Surveying as Practised by Civil Engineers and Surveyors: Including the Setting-out of Works for Construction and Surveys Abroad, with Examples Taken from Actual Practice; Intended as a Handbook for Field and Office Use Also as a Text-book for Students
accuracy accurate adjustment altitude axis azimuth back sight barometer base bench marks bubble tube calculated centre line chain line Chapter circumpolar star clinometer collimation line compass contours correct cross hairs cross sections curve datum deflection angle difference equal Feet fence field book fixed fore sight given gradient graduated Greenwich mean ground horizontal instrument intersection latitude length longitude magnetic magnetic bearings mean measured meridian method metres miles millimetres minutes Nautical Almanac needle object glass observed angles offsets ordinary Ordnance Ordnance Survey parallel perpendicular plane plate plotted plumb line position radius railway ranging rod reduced level right angles right ascension scale screws sextant shaft shown in Fig side slope spherical spirit level stadia hairs staff reading star station surface survey surveyor tacheometer Tacheometry taken tangent point telescope temperature theodolite traverse triangle Troughton & Simms tunnel usually vernier vertical angle wire
Page 86 - All the interior angles of any rectilineal figure, together with four right angles, are equal to twice as many right angles as the figure has sides.
Page i - SURVEYING AS PRACTISED BY CIVIL ENGINEERS AND SURVEYORS. Including the Setting-Out of Works for Construction and Surveys Abroad, with many Examples taken from Actual Practice. A Handbook for use in the Field and the Office, intended also as a Text-book for Students. By JOHN WHITELAW, Jun., AMInst.CE, Author of
Page 197 - ... screws in such manner that the telescope may be turned around the horizon without the bubble of the level running a great number of divisions. The telescope is finally made horizontal by means of the elevating screw. The inclination at the moment of observing must not ordinarily exceed three divisions of the level and never five divisions. The instrument when in use ought always to be sheltered from the sun and •wind. It is carried from station to station without being dismounted, but the level...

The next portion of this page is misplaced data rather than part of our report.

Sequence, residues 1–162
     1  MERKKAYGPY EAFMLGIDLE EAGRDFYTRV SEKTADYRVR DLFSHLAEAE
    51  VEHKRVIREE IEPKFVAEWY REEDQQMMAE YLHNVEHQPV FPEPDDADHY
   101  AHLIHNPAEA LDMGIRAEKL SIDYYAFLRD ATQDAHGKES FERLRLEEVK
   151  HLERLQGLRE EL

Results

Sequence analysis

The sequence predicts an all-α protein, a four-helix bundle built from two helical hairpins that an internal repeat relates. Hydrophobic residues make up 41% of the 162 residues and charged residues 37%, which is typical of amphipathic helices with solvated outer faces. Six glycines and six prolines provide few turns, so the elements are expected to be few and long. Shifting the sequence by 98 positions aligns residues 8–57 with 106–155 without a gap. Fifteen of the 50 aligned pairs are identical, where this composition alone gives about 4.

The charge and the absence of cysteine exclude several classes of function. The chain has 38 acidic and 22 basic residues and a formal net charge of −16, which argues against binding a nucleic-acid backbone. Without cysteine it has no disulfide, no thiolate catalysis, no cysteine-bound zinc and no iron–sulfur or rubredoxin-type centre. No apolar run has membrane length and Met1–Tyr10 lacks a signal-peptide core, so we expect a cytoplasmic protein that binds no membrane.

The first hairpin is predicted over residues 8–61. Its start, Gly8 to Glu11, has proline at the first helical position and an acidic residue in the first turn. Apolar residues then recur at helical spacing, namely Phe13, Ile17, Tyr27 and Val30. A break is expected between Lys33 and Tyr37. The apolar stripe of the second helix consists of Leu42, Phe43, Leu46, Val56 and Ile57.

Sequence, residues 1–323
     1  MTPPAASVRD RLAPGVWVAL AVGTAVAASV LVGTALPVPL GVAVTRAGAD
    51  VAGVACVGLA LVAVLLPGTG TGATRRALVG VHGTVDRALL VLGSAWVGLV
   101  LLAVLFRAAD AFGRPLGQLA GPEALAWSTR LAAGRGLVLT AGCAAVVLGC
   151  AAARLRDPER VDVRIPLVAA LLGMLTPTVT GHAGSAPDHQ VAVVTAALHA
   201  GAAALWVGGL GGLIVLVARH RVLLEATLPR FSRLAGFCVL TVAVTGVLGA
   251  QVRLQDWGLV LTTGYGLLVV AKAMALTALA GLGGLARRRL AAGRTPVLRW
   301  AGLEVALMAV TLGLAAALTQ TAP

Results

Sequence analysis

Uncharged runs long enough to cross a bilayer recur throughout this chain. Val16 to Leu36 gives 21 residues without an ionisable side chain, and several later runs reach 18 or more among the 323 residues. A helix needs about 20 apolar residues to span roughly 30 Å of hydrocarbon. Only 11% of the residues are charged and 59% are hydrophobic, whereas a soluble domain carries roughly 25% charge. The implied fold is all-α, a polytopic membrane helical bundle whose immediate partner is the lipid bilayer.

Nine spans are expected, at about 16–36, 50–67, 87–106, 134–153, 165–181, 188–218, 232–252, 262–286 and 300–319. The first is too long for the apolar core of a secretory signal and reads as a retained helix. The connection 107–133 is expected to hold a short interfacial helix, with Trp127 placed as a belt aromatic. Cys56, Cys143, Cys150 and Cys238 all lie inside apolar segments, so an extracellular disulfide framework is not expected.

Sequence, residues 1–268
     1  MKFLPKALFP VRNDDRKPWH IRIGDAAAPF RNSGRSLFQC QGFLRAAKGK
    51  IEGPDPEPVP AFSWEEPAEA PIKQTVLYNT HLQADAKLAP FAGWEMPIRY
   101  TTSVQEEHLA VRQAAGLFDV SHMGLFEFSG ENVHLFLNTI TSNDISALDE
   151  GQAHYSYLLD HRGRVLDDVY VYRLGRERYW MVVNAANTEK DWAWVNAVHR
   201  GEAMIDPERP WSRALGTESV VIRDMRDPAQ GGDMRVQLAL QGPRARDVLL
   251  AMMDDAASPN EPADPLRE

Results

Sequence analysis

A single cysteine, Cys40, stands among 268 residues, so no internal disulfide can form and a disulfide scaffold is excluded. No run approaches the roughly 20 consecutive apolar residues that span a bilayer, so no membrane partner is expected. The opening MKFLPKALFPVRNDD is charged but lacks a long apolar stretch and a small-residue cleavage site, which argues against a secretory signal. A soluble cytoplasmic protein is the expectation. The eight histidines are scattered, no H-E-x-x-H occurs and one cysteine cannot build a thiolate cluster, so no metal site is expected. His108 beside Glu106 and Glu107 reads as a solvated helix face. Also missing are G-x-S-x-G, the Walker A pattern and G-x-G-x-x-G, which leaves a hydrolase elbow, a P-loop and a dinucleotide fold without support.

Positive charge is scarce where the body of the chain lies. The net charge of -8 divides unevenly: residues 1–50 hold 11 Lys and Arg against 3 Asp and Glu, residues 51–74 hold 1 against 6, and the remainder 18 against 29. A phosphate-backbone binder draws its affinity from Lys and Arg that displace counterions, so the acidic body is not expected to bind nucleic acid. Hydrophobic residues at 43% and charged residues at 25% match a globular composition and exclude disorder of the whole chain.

Page 200 - The distance of bench-mark from instrument must be determined and recorded. Whenever work is stopped at least two temporary bench-marks should be established. These will consist of large nails or spikes driven their entire length vertically into the base of trees, or in the tops of sound stumps. When not in the vicinity of trees or stumps, wooden posts may be firmlyset in the ground with their tops flush with the surface and nails driven into them.
Page 194 - If the level bubble is well ground, equal displacements of the bubble, say of two divisions, will correspond to equal displacements on the rod. 3. Before using the level or determining its value, the fastening of the tube in its case should be examined. One end should be clamped down just tight enough to prevent the tube from moving easily, but not tight enough to strain the glass.
Page 200 - Now bisect the bench mark with the telescope normal and also inverted, noting the reading of the level. Read the rod on the plate with the telescope in both positions. It is necessary to eliminate collimation by inverting the telescope, since the collimation of the middle wire is not the same as that of the three wires.
Page 197 - In placing the foot-plates, great care should be taken that they be horizontal, on firm ground, and not liable to change. The surface of the ground, if not firm or level, should be removed. The errors of adjustment will be determined at beginning and end of each series of observations : that is to say, after having mounted the instrument and before dismounting it, and in all cases at least once each day. If the instrument has been deranged by a jar, the corrections must be determined anew.
Page 197 - To make the level and vertical axis of revolution perpendicular to each other, loosen the small clamp screw at one end of the horizontal bar fastened to the vertical axis, and by means of the elevating screw raise or lower that end of the upper horizontal bar until the telescope can be rotated 180° from any position, and have the level reading the same in both positions.
Page 474 - The extremity of each tape length will be marked on the zinc strips with a fine line and suitably numbered. The preservation of these strips furnishes a ready means of comparison of each tape length at any future time. The line should be measured two or more times, with a discrepancy when reduced of not more than I in 250,000.
Page 199 - If but one level can be used, the operation will be performed in the same order, but the time occupied in crossing must be as small as possible. With a single Kern level this process has given for a river 815 metres wide five results, the mean of which has a probable error of +0.5 millimetre.